Hayden Planetarium Programs
Frontiers Lecture: The Copernicus Complex with Caleb Scharf
September 8, 2014
Though the concept of “the universe” suggests the containment of everything, the latest ideas in cosmology hint that our universe may be just one of a multitude of others—a single slice of an infinity of parallel realities. Renowned astrophysicist and author Caleb Scharf takes us on a cosmic adventure like no other, from tiny microbes within the Earth to distant exoplanets and beyond, asserting that the age-old Copernican principle is in need of updating.
As Scharf argues, when Copernicus proposed that the Earth was not the fixed point at the center of the known universe (and therefore we are not unique), he set in motion a colossal scientific juggernaut, forever changing our vision of nature. But the principle has never been entirely true—we do live at a particular time, in a particular location, under particular circumstances. To solve this conundrum we must put aside our Copernican worldview and embrace the possibility that we are in a delicate balance between mediocrity and significance, order and chaos.
Weaving together cutting-edge science and classic storytelling, historical accounts and speculations on what the future holds, The Copernicus Complex presents a compelling argument for what our true cosmic status is, and proposes a way forwardforinthe ultimate quest: to determine life’s abundance not just across this universe but across all realities.
Scharf will sign copies of The Copernicus Complex: Our Cosmic Significance in a Universe of Planets and Probabilities after the lecture.
Caleb Scharf is the director of the Columbia Astrobiology Center. He writes for The New Yorker, New Scientist, Science, Scientific American, and Nature, among other publications, and has served as a consultant for the Discovery Channel, the Science Channel, and The New York Times. Scharf has been a keynote speaker for the American Museum of Natural History and the Rubin Museum of Art, and is the author of Gravity’s Engines. He lives in New York City with his wife and two daughters.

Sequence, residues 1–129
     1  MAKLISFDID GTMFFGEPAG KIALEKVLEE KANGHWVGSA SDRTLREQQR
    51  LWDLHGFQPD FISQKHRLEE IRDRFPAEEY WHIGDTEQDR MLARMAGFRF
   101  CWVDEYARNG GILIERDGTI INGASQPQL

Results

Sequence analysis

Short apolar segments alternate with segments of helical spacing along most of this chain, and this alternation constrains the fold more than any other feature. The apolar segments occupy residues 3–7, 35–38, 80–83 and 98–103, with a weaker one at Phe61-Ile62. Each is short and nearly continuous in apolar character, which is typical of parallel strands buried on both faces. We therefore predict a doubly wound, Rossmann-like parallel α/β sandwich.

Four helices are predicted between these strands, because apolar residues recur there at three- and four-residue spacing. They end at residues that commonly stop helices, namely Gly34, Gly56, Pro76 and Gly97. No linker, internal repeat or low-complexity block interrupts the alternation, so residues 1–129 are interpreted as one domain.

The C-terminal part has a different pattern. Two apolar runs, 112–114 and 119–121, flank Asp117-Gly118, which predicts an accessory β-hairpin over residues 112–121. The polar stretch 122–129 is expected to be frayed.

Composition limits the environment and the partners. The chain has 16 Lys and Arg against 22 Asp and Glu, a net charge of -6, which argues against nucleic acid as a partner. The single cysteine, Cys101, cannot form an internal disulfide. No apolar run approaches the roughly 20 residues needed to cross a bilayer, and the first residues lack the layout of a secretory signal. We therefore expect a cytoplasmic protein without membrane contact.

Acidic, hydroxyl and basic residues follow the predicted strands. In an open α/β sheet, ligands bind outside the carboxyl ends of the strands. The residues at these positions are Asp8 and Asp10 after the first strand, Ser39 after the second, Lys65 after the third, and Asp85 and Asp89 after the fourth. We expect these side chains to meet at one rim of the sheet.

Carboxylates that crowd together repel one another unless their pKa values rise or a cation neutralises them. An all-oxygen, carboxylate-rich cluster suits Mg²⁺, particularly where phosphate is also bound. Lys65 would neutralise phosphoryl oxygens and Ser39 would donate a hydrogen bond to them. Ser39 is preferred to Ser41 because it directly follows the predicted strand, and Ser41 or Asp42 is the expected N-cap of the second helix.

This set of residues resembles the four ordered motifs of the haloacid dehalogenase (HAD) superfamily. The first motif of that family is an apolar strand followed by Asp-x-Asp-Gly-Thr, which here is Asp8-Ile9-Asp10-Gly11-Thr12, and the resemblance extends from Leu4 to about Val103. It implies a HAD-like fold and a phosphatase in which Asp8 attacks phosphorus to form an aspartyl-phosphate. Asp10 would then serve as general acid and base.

More in this Series:
November 25, 2014
Explore planets, extrasolar planets, nearby stars, and the myriad galaxies that populate the universe while we fly through the 3D Digital Universe Atlas.
December 4, 2014
Experience the thrill of the next step in human space exploration as NASA’s new Orion spacecraft launches on its inaugural test flight!
December 8, 2014
Astrophysicist and scholar Martin Harwit examines how our understanding of the cosmos advanced rapidly during the twentieth century and identifies the factors contributing to this progress.
December 15, 2014
Join Hayden astronomers Steve Beyer, Joe Rao, and Ted Williams for a “sneak peak” at the nebulas, open cluster and all the other celestial objects that will be visible this winter.
December 30, 2014
With the Museum's director of astrovisualization, Carter Emmart as your guide, drift over the blue planet and witness the unparalleled beauty of the most diverse and necessary planetary system that we call home our home planet.
January 27, 2015
Interested in becoming an amateur astronomer but unsure where to begin? Ever wonder if it is even worth it to house a telescope in a crapped New York City apartment? Start your astronomical viewing in the Hayden Planetarium and prepare for the night sky.